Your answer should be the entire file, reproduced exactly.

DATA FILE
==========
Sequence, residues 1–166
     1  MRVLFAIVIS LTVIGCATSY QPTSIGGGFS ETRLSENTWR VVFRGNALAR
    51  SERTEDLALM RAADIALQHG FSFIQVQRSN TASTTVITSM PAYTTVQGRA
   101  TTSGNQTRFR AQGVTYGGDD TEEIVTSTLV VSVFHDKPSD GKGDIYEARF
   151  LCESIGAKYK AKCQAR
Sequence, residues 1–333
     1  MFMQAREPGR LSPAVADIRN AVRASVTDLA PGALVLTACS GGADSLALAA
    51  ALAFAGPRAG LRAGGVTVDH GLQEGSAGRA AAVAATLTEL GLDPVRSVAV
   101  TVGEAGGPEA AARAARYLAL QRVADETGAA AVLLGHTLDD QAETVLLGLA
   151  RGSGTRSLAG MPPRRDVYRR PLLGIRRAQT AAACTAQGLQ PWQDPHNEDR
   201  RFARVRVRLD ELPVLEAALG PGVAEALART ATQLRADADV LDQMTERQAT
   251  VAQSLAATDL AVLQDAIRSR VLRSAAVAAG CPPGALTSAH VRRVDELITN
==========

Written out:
Sequence, residues 1–166
     1  MRVLFAIVIS LTVIGCATSY QPTSIGGGFS ETRLSENTWR VVFRGNALAR
    51  SERTEDLALM RAADIALQHG FSFIQVQRSN TASTTVITSM PAYTTVQGRA
   101  TTSGNQTRFR AQGVTYGGDD TEEIVTSTLV VSVFHDKPSD GKGDIYEARF
   151  LCESIGAKYK AKCQAR
Sequence, residues 1–333
     1  MFMQAREPGR LSPAVADIRN AVRASVTDLA PGALVLTACS GGADSLALAA
    51  ALAFAGPRAG LRAGGVTVDH GLQEGSAGRA AAVAATLTEL GLDPVRSVAV
   101  TVGEAGGPEA AARAARYLAL QRVADETGAA AVLLGHTLDD QAETVLLGLA
   151  RGSGTRSLAG MPPRRDVYRR PLLGIRRAQT AAACTAQGLQ PWQDPHNEDR
   201  RFARVRVRLD ELPVLEAALG PGVAEALART ATQLRADADV LDQMTERQAT
   251  VAQSLAATDL AVLQDAIRSR VLRSAAVAAG CPPGALTSAH VRRVDELITN